Although tonight we had very light attendance (this is a recurring issue that we are working on addressing, believe me!), some very deep work was done by the women who were present.
I had a chat with the woman playing Lady Capulet about her character just after we walked in. She identifies deeply with Lady Capulet – this woman comes from a family where “expressing affection is expressing weakness,” and, having grown up in that environment, she has struggled to be affectionate with her own child while working against that conditioning. She does not feel that she has always been successful, and she feels that struggle in Lady Capulet as well. Complicating matters for Lady Capulet is a lack of agency – no matter how she might feel about Juliet’s situation, she will always capitulate to her husband for fear of abuse, as this participant discovered in a prior rehearsal.
We also had a good discussion about avoiding emotional “substitution” and instead drawing on past experiences to inform our acting without reliving trauma. We discussed “as if” situations (i.e., it’s as if my own child had been killed when Tybalt dies) and ways of making things physical instead of intellectual (i.e., when I went through this awful experience, I was disoriented, like a zombie – drawing on that, I will imagine that I am moving through fog in this scene). While drawing parallels between Shakespeare’s work and our own lives is important to the work we do, re-opening painful wounds for the sake of acting is dangerous, and we must take care when we revisit those experiences while telling this story.
After talking for quite awhile, we gave Lady Capulet an opportunity to try some different things with the scene just after Tybalt and Mercutio are killed. Clearly she’s upset – but what does she do physically with those emotions? We determined that she should not get in the Prince’s face when demanding justice – it worked better when she stayed on the ground. Being rooted in the language is beginning to do the work for the actress in this scene.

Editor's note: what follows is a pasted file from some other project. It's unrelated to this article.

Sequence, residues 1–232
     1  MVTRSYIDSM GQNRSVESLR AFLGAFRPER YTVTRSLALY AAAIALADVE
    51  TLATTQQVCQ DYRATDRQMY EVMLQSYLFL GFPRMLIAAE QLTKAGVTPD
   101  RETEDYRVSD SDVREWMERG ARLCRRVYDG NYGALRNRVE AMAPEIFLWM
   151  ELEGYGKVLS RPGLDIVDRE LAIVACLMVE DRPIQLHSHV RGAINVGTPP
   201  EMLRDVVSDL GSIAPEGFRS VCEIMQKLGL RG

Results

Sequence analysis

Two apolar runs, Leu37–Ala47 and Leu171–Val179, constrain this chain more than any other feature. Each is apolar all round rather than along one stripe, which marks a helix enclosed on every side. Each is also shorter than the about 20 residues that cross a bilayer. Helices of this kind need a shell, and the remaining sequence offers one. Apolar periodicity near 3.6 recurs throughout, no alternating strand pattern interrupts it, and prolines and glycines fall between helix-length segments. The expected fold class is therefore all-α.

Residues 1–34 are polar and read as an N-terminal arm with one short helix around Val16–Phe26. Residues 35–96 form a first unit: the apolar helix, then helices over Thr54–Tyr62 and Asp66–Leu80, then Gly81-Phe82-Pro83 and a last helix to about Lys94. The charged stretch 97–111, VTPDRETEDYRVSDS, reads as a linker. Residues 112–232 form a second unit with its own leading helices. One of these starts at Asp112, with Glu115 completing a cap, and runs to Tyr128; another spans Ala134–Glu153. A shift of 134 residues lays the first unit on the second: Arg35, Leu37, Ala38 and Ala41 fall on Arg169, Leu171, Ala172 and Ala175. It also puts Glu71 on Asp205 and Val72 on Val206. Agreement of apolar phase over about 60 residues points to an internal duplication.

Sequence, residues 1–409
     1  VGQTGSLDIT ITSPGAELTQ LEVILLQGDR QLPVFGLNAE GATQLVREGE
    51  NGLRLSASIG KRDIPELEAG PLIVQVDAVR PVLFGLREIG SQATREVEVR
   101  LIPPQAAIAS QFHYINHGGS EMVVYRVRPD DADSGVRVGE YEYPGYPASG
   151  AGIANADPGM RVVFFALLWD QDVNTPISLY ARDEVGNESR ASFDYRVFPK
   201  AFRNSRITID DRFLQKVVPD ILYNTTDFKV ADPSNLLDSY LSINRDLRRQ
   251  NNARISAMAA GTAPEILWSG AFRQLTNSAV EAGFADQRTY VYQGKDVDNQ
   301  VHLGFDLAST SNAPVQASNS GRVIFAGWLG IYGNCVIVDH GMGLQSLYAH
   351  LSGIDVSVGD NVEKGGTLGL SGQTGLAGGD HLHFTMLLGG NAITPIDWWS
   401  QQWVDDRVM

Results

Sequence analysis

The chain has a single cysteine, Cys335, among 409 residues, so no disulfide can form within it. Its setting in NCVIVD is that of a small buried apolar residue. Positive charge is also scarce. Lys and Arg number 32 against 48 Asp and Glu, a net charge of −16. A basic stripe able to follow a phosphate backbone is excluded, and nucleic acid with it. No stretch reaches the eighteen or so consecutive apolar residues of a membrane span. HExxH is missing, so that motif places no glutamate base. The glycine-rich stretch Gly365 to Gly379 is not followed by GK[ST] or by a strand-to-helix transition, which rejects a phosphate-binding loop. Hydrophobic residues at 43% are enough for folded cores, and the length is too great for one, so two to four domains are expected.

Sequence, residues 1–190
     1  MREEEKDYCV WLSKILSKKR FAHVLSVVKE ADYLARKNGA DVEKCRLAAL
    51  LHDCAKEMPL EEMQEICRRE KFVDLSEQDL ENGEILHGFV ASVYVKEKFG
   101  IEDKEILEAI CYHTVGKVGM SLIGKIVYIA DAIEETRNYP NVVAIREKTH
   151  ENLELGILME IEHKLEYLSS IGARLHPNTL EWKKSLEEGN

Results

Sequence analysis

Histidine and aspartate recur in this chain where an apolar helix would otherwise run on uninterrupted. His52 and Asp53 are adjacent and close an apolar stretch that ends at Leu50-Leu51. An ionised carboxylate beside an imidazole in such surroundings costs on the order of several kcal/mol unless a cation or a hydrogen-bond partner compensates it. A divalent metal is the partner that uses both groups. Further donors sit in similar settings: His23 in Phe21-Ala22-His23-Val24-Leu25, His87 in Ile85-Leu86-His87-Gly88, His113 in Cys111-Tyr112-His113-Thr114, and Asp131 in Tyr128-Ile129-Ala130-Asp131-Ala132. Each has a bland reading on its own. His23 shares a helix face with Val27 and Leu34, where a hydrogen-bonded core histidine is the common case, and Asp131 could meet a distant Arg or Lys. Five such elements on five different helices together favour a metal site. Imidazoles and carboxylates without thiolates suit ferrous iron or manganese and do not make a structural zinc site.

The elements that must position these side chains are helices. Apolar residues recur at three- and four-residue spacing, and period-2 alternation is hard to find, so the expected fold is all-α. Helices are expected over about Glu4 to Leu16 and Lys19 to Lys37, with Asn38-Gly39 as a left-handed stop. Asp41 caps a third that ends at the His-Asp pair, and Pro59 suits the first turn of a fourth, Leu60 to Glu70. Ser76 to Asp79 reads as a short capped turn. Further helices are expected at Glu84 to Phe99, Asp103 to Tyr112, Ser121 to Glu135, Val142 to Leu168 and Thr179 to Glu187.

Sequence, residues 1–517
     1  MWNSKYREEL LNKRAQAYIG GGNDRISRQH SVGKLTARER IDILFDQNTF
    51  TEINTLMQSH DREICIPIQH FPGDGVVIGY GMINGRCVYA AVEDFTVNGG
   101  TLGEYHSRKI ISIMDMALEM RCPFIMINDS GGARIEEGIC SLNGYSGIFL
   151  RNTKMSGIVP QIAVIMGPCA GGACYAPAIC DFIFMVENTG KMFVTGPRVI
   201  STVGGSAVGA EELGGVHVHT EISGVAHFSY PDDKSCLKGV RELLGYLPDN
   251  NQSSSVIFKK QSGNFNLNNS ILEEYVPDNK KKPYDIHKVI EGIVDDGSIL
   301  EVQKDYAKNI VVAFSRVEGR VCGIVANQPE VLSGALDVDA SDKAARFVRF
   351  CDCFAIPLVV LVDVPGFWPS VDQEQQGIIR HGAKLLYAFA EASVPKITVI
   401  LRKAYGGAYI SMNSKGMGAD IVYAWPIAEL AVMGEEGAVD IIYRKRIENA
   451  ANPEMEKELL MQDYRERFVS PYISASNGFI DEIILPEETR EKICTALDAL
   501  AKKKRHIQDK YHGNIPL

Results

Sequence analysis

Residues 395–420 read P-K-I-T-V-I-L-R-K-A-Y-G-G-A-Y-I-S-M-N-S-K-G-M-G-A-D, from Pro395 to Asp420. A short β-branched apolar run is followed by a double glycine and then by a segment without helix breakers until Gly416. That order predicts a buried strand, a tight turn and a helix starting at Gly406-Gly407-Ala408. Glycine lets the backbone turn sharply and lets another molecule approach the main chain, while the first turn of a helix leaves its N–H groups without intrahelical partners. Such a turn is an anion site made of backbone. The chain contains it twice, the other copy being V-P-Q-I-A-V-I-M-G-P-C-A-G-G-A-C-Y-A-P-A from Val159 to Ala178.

We then worked on Juliet’s “Gallop apace…” monologue, which has been cut down quite a bit for the sake of time and not overwhelming the participant. She does not like the first part of this piece, but she gave Dominique a chance to “make a case” for it. After Dominique explained the poetry a bit, the importance of its tone at this point in the play and for Juliet, the participant tried it. It began to work better for her, but when it really took off was when I took her script, sat behind her, and read each line softly to her, allowing her to “drop in” to the text without having to read it. Although I couldn’t see her face, her voice was much more connected, and those who were in the audience were very excited about what they both saw and heard. The participant is now more enthusiastic about the piece, to the extent that she is going to take a look at the previous version of the script to see if she wants to put back in anything that we’ve cut.
After Sarah led a great exercise about objectives and tactics, we worked on the first scene of the play. We finalized some cuts, eliminating three out of four parents from the scene so that Lady Capulet and Capulet can double as Abraham and Sampson. Our Balthasar is still with us, and I have been cast as Gregory. With that, we worked the scene for pacing and tone. The Prince is making great progress, becoming more imposing, slowing down, increasing the power she has on stage. The scene is beginning to work very well. We just need to choreograph our fight with the foam swords!
We then moved to Act V Scene I, in which Balthasar tells Romeo that Juliet is dead, and Romeo goes to the Apothecary. Our Balthasar has some stage fright, but she is determined to get past it. Her interpretation of the scene is that Balthasar does not want to give Romeo this news, but he has to. As such, she found that it works to avoid eye contact with him until he gets upset. Romeo got to a point today where she has begun to truly feel the loss and desperation, although she needs to dig deeper to motivate Balathasar’s lines about her. She has begun to vocalize without words, which is a big step for any actor – we tend to be very intimidated by our own voices when they are on the primal side, and it’s exciting to watch her progress.
We finished up the day by solidifying that Matthew will play Mercutio, I will play Friar Laurence, and our new volunteer (who will join the group next week!) will take on some of the more minor roles. It seemed like a relief to everyone to know who will be playing those roles. Now I’ve got some lines to memorize!